Months later, Unexpectedly Joe Dick, Daniel William’s roommate is now suspect number two. Ford immediately started his cruel interrogation, pushing the death penalty on him. Joe was now asked to take the same poly graph test, his results were never released. He said during his interrogation he was mentally drained as well. Once again another man in fear of dying tells detective ford that he and Daniel were both at the crime scene.
October 2, 2012 Case Brief Cupp v Murphy 412 U.S. 291 (1973) Facts: Daniel Murphy was convicted of murdering his wife in the second degree. After he found out of the murder he called the police and voluntarily submitted himself to questioning. In the middle of his questioning the police noticed a dark spot on his finger and they asked if they could get a sample and he refused. The police did not respect his wishes and they took the sample anyways of what was under his fingernail. They processed it and later found out there was traces of his wife’s nightgown, skin, and blood all from the deceased victim.
This case proceeded in London and was said to be a strong influence in the abolishment of capital punishment in the United Kingdom. Evans was executed in 1950 for the murder of his wife and 13-month-old daughter. Evans maintained his innocence through the whole trial and told investigators that his neighbor, John Christie murdered his family. There was not much evidence against Evans and the case was said to be really weak but he was still executed on March 9, 1950. The police coerced Timothy Evans into a false confession by threatening him.
Although thoroughly "institutionalized” Karl is deemed fit to be released into the outside world. Prior to his release, he is interviewed by a local college newspaper reporter, to whom he recounts the brutal murder of his mother and her boyfriend with a sling blade. Karl continues, saying that he killed the man because he thought he was raping his mother. When he discovered that his mother was a willing participant in the affair, he killed her too. 1.
During the attack, the police allowed her husband to wander around for 25 minutes and watched as he continued to attack her. When the ambulance arrived and took Tracy away, then they proceeded to arrest Charles. Tracy went to court against the police department of her home town, Torrington, Connecticut for failing to provide her with protection since she was married to her attacker. The court found that Tracey was discriminated against because the violence was a Domestic dispute. She was awarded 2.3 million dollars by the court.
Kemper’s mother had sent him to live with his grandparents because she was tired of his eccentric behavior. Edmund Kemper, seventeen at the time, decided to shoot his grand mother “just to see how it felt” and eventually shot his grandfather when he returned home. He was sent to a mental asylum later for his actions but proved to his psychologist, through assistant work and studies, that he was deemed normal enough for release including expunging his juvenile records. However, he was still fascinated with killer which began his murder campaign around the age of 24. Edmund worked for the department of transportation in Santa Cruz and began to pick up hitchhikers, bring them to deserted areas, and brutally rape and kill them.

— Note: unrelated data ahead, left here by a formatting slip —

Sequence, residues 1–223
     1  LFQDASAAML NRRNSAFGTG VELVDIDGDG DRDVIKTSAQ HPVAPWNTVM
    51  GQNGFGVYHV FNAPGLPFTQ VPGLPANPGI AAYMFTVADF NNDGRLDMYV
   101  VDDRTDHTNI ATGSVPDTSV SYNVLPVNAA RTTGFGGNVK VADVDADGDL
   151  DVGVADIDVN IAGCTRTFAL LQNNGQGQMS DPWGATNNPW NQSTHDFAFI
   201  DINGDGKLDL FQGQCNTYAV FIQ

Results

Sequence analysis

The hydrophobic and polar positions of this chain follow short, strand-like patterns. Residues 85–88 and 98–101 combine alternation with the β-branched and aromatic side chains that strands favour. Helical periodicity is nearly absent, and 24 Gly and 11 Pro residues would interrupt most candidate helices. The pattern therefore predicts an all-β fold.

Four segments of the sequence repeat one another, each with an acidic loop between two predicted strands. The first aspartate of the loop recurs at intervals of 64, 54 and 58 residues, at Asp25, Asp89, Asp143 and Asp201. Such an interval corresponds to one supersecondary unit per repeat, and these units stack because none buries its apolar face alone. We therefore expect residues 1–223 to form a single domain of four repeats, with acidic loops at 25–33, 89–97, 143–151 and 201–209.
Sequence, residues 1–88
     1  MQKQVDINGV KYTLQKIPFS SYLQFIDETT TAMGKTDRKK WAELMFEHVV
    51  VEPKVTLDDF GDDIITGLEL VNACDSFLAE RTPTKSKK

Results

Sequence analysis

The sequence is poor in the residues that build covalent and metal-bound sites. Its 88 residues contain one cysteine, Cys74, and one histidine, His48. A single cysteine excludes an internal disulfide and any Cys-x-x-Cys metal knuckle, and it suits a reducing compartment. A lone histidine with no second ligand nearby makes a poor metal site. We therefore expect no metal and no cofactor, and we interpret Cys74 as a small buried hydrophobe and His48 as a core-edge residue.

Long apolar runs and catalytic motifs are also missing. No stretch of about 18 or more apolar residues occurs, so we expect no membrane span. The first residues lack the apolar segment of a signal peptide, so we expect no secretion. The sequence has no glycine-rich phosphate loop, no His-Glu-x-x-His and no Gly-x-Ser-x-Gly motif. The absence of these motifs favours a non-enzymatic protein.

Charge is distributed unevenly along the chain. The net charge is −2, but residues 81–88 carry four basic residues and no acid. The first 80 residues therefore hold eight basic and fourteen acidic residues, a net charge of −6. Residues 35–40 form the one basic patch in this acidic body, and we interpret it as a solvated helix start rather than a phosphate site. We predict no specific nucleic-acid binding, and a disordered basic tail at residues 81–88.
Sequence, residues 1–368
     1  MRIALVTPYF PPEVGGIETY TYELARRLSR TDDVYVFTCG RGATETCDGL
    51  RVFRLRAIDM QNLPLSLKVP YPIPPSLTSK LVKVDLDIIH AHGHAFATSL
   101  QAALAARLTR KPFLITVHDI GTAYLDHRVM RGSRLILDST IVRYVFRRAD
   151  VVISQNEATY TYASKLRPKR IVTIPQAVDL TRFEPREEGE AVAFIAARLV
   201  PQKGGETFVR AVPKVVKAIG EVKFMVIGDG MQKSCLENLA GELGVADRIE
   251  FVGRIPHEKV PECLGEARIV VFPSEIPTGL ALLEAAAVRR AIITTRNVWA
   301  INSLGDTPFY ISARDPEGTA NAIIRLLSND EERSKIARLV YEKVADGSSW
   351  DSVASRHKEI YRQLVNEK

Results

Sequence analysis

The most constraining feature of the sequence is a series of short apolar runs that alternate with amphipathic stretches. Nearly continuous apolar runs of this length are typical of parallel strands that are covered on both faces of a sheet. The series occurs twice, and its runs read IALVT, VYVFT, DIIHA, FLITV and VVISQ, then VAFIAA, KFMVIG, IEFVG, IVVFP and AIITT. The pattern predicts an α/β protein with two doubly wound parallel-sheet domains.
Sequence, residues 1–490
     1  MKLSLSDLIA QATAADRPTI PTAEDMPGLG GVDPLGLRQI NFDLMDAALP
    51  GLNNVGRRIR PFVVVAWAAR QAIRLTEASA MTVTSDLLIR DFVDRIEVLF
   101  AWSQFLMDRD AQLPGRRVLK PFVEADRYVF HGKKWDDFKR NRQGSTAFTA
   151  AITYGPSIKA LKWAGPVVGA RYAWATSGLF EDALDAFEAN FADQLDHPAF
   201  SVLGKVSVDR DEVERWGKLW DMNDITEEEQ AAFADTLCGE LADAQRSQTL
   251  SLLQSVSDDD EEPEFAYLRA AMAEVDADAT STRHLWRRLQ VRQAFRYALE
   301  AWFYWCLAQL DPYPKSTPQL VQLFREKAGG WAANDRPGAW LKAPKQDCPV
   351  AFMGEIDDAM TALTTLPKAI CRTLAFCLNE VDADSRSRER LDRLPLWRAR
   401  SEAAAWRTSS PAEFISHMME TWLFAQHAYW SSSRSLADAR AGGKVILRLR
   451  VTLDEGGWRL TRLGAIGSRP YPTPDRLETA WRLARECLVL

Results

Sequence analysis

He was committed to Central State and stayed there until 1968, when he was found fit to stand trial. He was charged with first degree murder, but his lawyer put in the defense of insanity again and was found to be insane again. He returned to Central State. On November 7, 1968, Bernice Worden’s murder trial began. A jury found Gein guilty of first degree murder but criminally insane at the time of the murder, the trial lasted only a week and he was sentenced to life in a mental institution.
In order to avoid the death penalty, the defense tried to have Chase found guilty of second degree murder, which would result in a life sentence. Their case hinged on Chase's history of mental illness and the lack of planning in his crimes, evidence that they were not premeditated. On May 8 the jury found Chase guilty of six counts of first degree murder. The defense asked for a clemency hearing, in which a judge determined that Chase was not legally insane; Chase was sentenced to die in the gas chamber. Waiting to die, Chase became a feared presence in prison; the other inmates (including several gang members), aware of the graphic and bizarre nature of his crimes, feared him, and according to prison officials, they often tried to convince Chase to commit suicide, too fearful to get close enough to him to kill him themselves.
Bryan James B. Apostol PS1013 Clyde Shelton witnesses the murder and rape of his wife and daughter at the hands of Clarence Darby and his accomplice Rupert Ames. During their trial, prosecutor Nick Rice informs Clyde that DNA evidence incriminating Clarence has been deemed inadmissible due to botched forensics because, according to Nick, the actions of the police at the crime scene affected its solidity in court, and that Clyde's testimony alone is insufficient to prove either suspect's guilt. Nick, interested in maintaining his high conviction rate, strikes a deal: Clarence gives testimony that will send Rupert to death row, and in exchange Nick allows Clarence to plead guilty to third-degree murder, for which he will only serve three
His only main reason for staying in Bayonne is because of the love of his life Vivian. Grants life then takes a huge turn when his cousin Jefferson is convicted of a shooting that had taken place in a liquor store. He is then pressed with charges, and has to be executed. Before the time of execution Jefferson’s aunt, and godmother want Grant to teach Jefferson how to become and man before he dies, because in his trial he is called a hog by the white jury and judge. This takes a